But school administrators knew they needed to add one more piece to their vaping prevention strategy: technology.
“We almost never catch a kid in the act of vaping – it’s virtually impossible. Kids are too quick and too good at hiding it,” said Corrigan. “We knew what we were doing wasn’t sustainable. We wanted a device with superior technology.”
“After meeting and interviewing with [Zeptive], I walked away knowing they had the expertise we needed in the detection of chemicals and changes in air quality,” Corrigan added. “They weren’t just putting out a device to put out a device. They were seriously trying to create technology that would actually work.”
The Melrose PTO shared those sentiments and willingly funded the purchase and installation of the detectors using parent dues. The sensors were installed in the second-floor boy’s and girl’s restrooms and were protected by cages to keep them from being moved. Cameras were also installed outside the bathrooms.
Families were made aware of the detectors via a letter from school leadership and were encouraged to have conversations with their children about vaping and these new devices.
“Staff cannot be in there patrolling every bathroom at every moment,” said Ormond. “When the school came to us with Zeptive, we knew it was a good option for us. We were glad to hear they made a system that is tamper-proof and well thought out. They were very generous and worked with us so we could afford their product.”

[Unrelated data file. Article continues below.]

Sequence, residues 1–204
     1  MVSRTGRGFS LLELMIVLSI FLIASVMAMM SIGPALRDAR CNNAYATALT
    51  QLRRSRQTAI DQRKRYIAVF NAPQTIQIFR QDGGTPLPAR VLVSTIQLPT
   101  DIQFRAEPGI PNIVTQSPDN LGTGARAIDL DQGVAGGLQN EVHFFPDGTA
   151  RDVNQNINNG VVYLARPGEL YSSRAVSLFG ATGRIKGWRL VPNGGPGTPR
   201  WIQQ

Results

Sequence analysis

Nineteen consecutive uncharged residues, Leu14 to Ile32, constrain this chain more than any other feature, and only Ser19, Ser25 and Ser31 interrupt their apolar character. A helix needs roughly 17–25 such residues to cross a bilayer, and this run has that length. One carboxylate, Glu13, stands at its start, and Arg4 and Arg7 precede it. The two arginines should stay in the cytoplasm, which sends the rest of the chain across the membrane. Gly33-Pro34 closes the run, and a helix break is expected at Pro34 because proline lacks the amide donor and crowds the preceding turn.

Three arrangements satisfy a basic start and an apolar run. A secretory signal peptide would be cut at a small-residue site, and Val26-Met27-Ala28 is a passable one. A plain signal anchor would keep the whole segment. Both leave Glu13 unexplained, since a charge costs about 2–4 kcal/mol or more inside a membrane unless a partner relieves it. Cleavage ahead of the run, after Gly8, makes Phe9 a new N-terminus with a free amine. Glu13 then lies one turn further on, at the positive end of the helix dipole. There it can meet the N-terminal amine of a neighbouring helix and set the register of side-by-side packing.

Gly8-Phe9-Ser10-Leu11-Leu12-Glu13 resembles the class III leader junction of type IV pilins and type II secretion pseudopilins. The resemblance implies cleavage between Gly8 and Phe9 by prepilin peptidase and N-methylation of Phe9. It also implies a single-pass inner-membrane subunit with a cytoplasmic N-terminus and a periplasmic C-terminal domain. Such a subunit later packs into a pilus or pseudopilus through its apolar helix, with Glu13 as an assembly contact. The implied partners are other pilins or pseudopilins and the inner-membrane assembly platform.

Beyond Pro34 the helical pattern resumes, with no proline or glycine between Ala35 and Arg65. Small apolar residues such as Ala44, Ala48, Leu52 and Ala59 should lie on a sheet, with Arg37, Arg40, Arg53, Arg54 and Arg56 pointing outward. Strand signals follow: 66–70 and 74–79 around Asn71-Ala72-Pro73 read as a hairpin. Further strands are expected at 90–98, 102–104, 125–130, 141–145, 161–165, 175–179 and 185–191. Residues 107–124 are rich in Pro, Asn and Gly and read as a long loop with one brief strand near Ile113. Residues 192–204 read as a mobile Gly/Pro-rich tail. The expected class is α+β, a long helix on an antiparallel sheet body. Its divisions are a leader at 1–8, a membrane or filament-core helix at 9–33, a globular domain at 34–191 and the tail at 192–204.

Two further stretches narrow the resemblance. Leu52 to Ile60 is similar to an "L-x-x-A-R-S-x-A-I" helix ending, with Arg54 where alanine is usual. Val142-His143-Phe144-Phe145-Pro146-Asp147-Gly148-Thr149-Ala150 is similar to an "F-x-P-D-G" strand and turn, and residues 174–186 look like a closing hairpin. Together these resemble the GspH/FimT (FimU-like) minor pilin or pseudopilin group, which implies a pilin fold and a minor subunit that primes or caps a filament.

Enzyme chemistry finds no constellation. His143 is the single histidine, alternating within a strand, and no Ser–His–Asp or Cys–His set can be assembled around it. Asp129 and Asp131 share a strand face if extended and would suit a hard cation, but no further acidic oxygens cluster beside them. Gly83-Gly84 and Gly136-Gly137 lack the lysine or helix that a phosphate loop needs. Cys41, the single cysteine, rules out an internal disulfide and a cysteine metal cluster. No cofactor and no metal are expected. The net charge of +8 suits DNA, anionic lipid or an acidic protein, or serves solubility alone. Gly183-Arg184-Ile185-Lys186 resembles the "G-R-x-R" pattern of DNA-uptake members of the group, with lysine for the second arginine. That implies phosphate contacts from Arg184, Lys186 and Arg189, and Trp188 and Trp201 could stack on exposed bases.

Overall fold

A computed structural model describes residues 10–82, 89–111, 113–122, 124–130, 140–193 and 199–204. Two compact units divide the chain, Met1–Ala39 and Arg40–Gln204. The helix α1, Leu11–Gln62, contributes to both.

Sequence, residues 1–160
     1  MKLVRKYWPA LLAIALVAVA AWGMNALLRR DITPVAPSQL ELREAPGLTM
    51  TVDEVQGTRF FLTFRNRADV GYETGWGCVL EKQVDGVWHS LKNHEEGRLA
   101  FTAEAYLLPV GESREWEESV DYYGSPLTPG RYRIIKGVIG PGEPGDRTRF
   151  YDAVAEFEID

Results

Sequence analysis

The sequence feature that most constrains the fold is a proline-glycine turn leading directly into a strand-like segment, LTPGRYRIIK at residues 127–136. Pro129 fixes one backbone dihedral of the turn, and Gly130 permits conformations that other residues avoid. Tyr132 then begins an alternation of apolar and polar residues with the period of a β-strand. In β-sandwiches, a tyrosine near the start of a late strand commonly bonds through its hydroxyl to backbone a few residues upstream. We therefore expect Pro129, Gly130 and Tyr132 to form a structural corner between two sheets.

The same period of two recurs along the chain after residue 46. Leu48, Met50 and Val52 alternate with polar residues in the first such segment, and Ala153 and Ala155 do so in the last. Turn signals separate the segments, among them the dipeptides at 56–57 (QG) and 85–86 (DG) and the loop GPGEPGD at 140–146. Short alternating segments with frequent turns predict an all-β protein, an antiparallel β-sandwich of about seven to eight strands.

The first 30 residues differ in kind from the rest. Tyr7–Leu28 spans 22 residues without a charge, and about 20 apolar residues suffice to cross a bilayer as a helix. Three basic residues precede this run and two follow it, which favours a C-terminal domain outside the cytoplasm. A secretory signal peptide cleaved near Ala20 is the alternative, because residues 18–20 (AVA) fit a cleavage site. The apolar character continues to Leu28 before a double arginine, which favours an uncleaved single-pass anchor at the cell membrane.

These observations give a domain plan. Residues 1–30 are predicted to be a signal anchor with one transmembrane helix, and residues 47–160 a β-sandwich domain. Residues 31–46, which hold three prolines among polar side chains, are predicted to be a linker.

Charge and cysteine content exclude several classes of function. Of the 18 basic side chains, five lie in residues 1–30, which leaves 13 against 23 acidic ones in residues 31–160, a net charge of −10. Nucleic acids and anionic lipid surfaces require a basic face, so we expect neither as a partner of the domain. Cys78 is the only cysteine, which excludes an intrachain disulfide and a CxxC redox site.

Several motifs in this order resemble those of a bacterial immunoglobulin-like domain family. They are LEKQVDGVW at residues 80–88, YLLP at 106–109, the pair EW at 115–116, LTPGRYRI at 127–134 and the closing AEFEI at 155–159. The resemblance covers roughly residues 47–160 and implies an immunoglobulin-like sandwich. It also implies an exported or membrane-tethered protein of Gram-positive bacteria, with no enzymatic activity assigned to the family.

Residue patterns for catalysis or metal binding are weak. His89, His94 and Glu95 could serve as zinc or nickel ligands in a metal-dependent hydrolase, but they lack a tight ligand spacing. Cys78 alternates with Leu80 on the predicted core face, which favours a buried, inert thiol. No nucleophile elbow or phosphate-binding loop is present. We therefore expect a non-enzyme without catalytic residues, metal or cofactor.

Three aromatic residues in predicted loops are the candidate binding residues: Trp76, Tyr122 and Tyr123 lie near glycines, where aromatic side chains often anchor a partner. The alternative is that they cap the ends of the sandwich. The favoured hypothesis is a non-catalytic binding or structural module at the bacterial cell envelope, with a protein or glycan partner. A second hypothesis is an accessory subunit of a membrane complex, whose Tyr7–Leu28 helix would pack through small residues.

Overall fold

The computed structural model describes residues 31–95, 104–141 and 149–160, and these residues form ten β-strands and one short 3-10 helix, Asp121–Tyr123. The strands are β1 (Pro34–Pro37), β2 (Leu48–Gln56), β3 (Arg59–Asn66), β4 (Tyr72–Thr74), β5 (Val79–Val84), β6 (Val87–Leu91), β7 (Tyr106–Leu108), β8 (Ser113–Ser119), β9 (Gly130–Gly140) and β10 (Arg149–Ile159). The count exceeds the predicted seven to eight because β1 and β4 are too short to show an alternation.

Progress and the road ahead
To date, the device has accurately detected vape in the bathrooms twice. Progress was halted due to the COVID-19 (coronavirus) pandemic and the students transferring to remote learning. But when nicotine or THC is detected, the device sends an alert to the front desk staff, who then radio a hall monitor to check the bathroom.
Congregation in bathrooms and the destruction of property also stopped.
“Many kids were happy about [these detectors] because there was no more fear of going into the bathroom,” said Ormond. “Students feel relieved.”
The hope is to install more detectors once students return to school.
“Our plan is not to catch kids,” said Corrigan. “We don’t want students to get in trouble. We don’t want students to get suspended. We don’t want their educational experience to be interrupted. We want to deter this behavior. [And these devices] worked in that sense.”
Written by Kristin Erekson Barton, MA, CHES
Reviewed by Cindy Bistany, DHSc
1. Jones K, Salzman GA. The Vaping Epidemic in Adolescents. Missouri Medicine. 2020;117(1): 56–58. Retrieved from: https://www.ncbi.nlm.nih.gov/pmc/articles/PMC7023954/.
2. U.S. Food and Drug Administration. (2019, November 18). Youth Tobacco Use: Results from the National Youth Tobacco Survey. Retrieved from: https://www.fda.gov/tobacco-products/youth-and-tobacco/youth-tobacco-use-results-national-youth-tobacco-survey